Most importantly, a constructor should never be able to fail, because lacking a fancy exception handling mechanism, the caller has no way to handle this in some cases.  Any initialization that can fail (e.g. memory allocations) should be put in a separate initialization member function (called, e.g., FInit).  When this is the case, it is often useful to encapsulate the creation of an object in a function (a global function or a member of another class) that calls new and then FInit for the object, and returns the result of FInit.  For example:
class Foo
 {
public:
 Foo(int cLines) { m_hwnd = NULL; m_cLines = cLines}
 virtual ~Foo();
 BOOL FInit();
 void DoSomething();
private:
 HWND m_hwnd;
 int m_cLines;
 };

BOOL FCreateFoo(int cLines, Foo **ppfoo)
{
 if ((*ppfoo = new Foo(cLines)) == NULL)
  return FALSE;
 if (*ppFoo->FInit())
  return TRUE;
 delete *ppFoo;
 *ppFoo = NULL;
 return FALSE;
}

BOOL Foo::FInit()
{
 m_hwnd = CreateWindow(...);
 return (m_hwnd != NULL);
}

Summary:
 Do not do expensive work in a constructor.
 If you do make a constructor, make sure to initialize all data members.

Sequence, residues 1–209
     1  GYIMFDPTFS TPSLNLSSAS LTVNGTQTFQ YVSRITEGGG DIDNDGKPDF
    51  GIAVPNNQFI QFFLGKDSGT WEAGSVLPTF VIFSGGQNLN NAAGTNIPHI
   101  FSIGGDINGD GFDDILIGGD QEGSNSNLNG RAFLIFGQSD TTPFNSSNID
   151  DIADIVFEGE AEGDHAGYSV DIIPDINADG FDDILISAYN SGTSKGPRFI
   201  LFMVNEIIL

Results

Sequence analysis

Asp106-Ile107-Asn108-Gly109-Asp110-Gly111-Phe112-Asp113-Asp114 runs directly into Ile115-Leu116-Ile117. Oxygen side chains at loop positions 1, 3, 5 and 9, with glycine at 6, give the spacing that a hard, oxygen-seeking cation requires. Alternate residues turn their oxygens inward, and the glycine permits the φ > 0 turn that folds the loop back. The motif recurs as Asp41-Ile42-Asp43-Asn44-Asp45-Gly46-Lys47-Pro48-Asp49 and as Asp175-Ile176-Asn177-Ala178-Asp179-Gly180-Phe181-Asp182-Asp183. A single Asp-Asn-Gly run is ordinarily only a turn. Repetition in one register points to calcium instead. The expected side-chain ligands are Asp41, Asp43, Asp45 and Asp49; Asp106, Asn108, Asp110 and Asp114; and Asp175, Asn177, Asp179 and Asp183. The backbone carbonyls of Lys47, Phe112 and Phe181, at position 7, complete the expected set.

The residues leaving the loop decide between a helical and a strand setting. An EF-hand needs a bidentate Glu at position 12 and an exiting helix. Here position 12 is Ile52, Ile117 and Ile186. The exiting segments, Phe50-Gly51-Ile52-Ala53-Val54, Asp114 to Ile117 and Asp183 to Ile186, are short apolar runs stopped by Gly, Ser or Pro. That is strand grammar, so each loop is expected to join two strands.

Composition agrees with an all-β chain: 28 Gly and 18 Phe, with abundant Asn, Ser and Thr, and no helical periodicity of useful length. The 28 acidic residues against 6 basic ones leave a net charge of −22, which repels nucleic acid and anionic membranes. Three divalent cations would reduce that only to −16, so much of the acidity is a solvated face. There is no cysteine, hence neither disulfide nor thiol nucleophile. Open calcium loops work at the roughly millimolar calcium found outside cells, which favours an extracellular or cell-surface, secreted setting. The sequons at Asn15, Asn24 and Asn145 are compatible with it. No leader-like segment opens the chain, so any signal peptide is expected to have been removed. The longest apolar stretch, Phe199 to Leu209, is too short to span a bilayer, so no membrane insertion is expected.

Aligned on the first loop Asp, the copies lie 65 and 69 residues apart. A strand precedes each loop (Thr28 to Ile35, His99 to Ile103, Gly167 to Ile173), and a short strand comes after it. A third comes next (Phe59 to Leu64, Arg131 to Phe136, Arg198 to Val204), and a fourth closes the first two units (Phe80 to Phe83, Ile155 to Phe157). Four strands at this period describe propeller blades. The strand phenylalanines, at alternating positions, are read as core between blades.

 Very simple constructors can be made inline
 A constructor should never fail.  Do memory allocations and other potential failures in an FInit method.
 Consider making a creation function that encapsulates the new and FInit operations.
2.6 Destructors
If a class has resources that need to be freed, then the destructor is a convenient place to put this.  The normal case for us will be that this is just the central place to free resources for an object that is freed via delete (see below).  The trickier use of destructors is for stack-allocated classes, but we抮e going to avoid that by not using classes on the stack. 
A destructor should be careful to destroy an object properly regardless of how it was created or used.  Furthermore, if you choose to implement a method that frees any resources before the actual destruction, make sure to reset those fields (e.g. set pointers to NULL) so that a destructor will not try to free them twice.  It is not necessary for the destructor to reset any fields, though, because the object cannot be used after it is destructed.
Like a constructor, a destructor can never fail.  Also, as stated above, a destructor in a base class should always be declared virtual to make polymorphism work.
The destructor for the above example would be defined as:
Foo:~Foo()
{
 if (m_hwnd != NULL)
  DestroyWindow(m_hwnd);
}

Summary:
 Use a destructor to centralize the resource cleanup of a class which is freed via delete.
 If resources are freed before destruction, make sure the fields are reset (e.g. set pointers to NULL) so that a destructor will not try to free them again.
 A destructor should never fail.
 A destructor in a base class should always be declared virtual if polymorphism might be used.